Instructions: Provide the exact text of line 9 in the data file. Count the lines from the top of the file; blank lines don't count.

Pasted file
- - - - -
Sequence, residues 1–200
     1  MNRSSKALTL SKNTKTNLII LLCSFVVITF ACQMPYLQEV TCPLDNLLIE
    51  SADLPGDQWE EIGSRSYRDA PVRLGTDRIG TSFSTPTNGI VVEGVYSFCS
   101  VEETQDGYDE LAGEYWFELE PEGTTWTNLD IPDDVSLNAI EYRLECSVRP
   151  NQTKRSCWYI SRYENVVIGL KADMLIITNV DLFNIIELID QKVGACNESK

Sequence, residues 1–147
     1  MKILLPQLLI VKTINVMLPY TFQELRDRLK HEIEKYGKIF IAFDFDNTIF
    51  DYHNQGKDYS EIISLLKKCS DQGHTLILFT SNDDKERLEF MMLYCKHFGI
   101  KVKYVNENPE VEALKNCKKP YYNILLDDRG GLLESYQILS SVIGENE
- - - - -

   101  KVKYVNENPE VEALKNCKKP YYNILLDDRG GLLESYQILS SVIGENE